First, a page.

[In Defense Of] Tunnel — and no, it wasn’t another Signal
by Guest Beanie
(Some spoilers ahoy, if you’ve yet to watch it.)
After thoroughly enjoying the brilliant piece of work that was 2016’s Signal, I was unsure about wanting to start on Tunnel, OCN’s version of a time-traveling detective drama. My uncertainty was not an isolated case — in fact, comparisons were so quickly raised between the two shows that reporters at Tunnel’s press conference even questioned the show’s PD and actors about potential similarities. This also raised a slight buzz among K-netizens, who seemed to favor tvN’s award-winning drama, and a highly rated one at that.
Welp. The cast and crew of Tunnel certainly had their work cut out for them at the get-go. But despite the initial ambiguity surrounding the show, I knew it was only a matter of time before my crime-show-lovin’ curiosity would be piqued. And after finishing the drama, I must say that the cast and crew worked really hard to hold their own amidst the comparisons — and it paid off.
I’m not sure how often one can describe characters in crime dramas as being endearing, but that was how Tunnel’s made themselves to be at times — with most of it hinging on Kwang-ho. We’re already drawn into his story in the first episode — a tough-talking detective from the ’80s with a strong sense of justice and determination to right the wrongs of the world — and a soft spot for his wife, Yeon-sook (it also helped that Choi Jin-hyuk is adorbs when he acts lovesick).
And when he suddenly became unceremoniously separated from his present to enter into a strange future, it would have been hard to not empathize with his confusion, anguish, and desperation to return to the past. Talk about a forced long-distance relationship. Not an episode would go by after without hearing Yeon-sook’s name mentioned at least once (or twice, or more), or having Kwang-ho pause in the middle of his present-future day to think of her. Seeing how besotted the both of them were for each other in the earlier episodes made my heart go out to Kwang-ho each time he pined for her.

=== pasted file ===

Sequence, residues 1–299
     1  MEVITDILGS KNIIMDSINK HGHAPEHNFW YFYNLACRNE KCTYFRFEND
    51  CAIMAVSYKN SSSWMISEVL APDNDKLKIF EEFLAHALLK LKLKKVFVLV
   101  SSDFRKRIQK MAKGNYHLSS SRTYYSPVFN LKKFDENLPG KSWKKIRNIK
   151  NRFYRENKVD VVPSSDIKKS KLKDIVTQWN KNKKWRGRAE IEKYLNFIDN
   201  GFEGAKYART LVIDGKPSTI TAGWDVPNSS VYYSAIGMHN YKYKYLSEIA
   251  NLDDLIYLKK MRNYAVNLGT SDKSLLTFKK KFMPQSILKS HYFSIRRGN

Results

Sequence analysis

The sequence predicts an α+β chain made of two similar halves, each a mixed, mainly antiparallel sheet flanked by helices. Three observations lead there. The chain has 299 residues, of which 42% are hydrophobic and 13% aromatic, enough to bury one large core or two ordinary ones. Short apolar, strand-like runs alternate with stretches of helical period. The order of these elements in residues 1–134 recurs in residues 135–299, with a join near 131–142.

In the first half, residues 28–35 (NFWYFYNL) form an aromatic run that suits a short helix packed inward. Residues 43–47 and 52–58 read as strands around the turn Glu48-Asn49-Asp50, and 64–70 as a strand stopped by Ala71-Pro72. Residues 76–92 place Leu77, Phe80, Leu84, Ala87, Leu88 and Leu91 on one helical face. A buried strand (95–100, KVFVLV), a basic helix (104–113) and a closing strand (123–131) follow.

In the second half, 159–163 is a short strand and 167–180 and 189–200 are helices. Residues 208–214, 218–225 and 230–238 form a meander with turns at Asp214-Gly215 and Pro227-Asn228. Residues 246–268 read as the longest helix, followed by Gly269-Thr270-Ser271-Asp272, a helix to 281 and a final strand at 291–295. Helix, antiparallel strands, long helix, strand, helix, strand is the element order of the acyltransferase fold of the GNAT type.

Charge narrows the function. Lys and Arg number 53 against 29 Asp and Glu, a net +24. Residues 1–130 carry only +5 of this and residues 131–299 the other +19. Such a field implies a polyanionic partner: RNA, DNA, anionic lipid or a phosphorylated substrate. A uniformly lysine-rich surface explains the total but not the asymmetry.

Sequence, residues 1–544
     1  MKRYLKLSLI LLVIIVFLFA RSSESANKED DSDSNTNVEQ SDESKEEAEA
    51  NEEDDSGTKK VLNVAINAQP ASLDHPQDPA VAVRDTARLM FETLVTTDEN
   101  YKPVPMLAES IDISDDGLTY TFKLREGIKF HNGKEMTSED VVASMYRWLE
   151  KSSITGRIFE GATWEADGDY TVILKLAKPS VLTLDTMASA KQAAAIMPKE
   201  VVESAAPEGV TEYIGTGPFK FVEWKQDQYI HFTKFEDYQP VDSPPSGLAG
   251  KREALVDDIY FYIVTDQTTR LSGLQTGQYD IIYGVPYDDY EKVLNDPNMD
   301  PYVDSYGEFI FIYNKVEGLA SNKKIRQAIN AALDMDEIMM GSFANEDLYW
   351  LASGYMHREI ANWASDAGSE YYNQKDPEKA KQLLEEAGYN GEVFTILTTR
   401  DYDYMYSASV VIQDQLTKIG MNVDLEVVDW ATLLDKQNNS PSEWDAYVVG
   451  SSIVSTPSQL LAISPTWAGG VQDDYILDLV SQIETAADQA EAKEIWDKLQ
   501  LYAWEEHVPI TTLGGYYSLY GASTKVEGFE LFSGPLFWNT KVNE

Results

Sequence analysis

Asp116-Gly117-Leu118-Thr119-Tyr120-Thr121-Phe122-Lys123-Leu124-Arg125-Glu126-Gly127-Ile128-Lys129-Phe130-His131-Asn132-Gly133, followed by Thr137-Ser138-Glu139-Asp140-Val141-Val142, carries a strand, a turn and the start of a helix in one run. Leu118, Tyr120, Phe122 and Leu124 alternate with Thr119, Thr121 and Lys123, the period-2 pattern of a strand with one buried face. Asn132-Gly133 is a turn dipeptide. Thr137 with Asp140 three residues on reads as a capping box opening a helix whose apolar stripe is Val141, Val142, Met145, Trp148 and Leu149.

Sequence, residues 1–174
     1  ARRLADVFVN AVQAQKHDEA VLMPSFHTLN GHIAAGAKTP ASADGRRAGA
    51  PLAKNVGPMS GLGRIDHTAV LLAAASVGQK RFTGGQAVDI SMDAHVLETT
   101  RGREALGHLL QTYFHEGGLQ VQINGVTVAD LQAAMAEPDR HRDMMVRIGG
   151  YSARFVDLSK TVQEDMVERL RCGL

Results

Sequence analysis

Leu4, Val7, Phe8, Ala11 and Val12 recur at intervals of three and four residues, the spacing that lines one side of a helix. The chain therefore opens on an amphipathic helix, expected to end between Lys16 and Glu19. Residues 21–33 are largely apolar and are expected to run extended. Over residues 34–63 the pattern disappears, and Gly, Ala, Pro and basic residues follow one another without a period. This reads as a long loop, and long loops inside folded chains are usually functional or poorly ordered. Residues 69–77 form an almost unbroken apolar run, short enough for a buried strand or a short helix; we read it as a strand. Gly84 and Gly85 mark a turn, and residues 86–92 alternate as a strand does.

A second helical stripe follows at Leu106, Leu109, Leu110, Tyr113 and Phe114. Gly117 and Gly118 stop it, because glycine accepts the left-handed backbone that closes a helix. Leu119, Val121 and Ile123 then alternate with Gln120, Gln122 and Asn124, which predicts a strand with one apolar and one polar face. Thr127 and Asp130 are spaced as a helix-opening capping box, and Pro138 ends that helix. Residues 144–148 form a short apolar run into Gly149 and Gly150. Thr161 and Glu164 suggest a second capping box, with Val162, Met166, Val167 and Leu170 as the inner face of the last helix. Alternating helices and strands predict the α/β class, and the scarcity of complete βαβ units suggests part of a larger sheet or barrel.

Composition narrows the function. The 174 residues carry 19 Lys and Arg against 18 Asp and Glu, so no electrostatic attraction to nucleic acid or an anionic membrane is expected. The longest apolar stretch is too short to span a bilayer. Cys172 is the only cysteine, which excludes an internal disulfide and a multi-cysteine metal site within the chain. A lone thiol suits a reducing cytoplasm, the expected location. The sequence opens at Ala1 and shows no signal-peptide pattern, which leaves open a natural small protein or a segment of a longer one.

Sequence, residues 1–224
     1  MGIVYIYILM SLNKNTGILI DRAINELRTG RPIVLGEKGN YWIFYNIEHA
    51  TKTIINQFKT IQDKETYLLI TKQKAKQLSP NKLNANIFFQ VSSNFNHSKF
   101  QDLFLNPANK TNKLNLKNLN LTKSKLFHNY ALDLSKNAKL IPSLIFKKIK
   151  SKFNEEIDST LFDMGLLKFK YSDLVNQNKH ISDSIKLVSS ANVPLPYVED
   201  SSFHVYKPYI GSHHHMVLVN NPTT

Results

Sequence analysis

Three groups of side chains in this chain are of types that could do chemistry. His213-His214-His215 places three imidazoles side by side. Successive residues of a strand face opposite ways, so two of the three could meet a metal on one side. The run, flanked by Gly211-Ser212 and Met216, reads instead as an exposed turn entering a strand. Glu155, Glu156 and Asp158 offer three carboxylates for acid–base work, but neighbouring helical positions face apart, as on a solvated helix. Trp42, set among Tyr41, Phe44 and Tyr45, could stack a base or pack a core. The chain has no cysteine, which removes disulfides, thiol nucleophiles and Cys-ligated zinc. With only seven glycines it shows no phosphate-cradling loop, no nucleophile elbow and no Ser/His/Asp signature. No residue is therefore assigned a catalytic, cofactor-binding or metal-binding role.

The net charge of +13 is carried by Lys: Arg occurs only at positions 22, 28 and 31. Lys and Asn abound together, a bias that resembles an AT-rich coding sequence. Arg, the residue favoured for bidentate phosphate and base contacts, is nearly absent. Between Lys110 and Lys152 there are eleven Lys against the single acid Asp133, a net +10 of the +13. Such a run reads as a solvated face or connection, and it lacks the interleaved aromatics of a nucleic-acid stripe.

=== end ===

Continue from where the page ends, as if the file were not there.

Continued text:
Yet, despite the pains of separation, Kwang-ho maneuvered his way through his present-future with his typical masculine brashness, with a hint of fatherliness — perhaps, a precursor to the father he would have been in his past-present.
Though Sun-jae initially seemed more like the fatherly voice of reason to Kwang-ho’s impetuous streak, it amused me to no end seeing Kwang-ho — looking as young as the rest of his team — trying to be all paternal with Jae-yi, after he came to know of their blood ties. That, and him sizing up Sun-jae the way a dad would when his daughter’s date comes to pick her up for the prom. How could you not love him for that?
Then, amidst the heaviness of untimely deaths, tales of betrayal, and the whodunit mystery, there were still moments of lightheartedness peppered within the episodes. Take the reunion between Kwang-ho and his then-maknae-turned-superior, Sung-sik, in Episode 4. It was heartwarming to see how ecstatic the older Sung-sik was knowing his sunbae was alive and well, after 30 years of thinking that he was dead. It seemed like the fondness and respect he had for him never once faded through the years, and it was hard to hold back a smile each time the present-day boss turned back into the meek maknae whenever they conversed.
How about when Kwang-ho — finally making it back to 1986, albeit for a short time, in Episode 13 — tried earnestly explaining to a bewildered Yeon-sook how phones in 2017 had no lines (“That doesn’t make sense”), and were the size of his palm? (“It’s this small.”)
And who could forget Reporter Oh from the ’80s (and his modern day taxi driver doppleganger), who was constantly on Kwang-ho’s heels for the latest scoops and opportunities?
Aside from the ever-serious Sun-jae — who, thankfully, began to soften up more further down the line — the rest of the Serious Crimes Unit 1 would also play a part in lending a few moments of lightness to the show too. Remember Min-ha’s drunken outburst in Episode 11 at how his seniors were “bickering like children”? They sure weren’t going to let him live it down after that…
So — did Tunnel mirror Signal? I would say no. It wasn’t even trying to be like it. Yes, they were both time-travel detective dramas, but that’s where the similarities come to an end (along with their respective time-travel contraptions of the walkie-talkie and the tunnel). I was in awe of the Signal trio and how they were able to transcend time to solve crimes; but following Kwang-ho and his team on their own time-traveling, crime-solving quests was like rooting for my close friends — or to a certain extent, my older brothers. Simply because of how endearing they each had become along the way.
For me, Tunnel managed to match the cold-bloodedness of its killers and the intensity of its pacing (particularly towards the end) with enough warmth, lightness, and heart. And hey — it ended up being highly rated too! Geonbae to that, I say.
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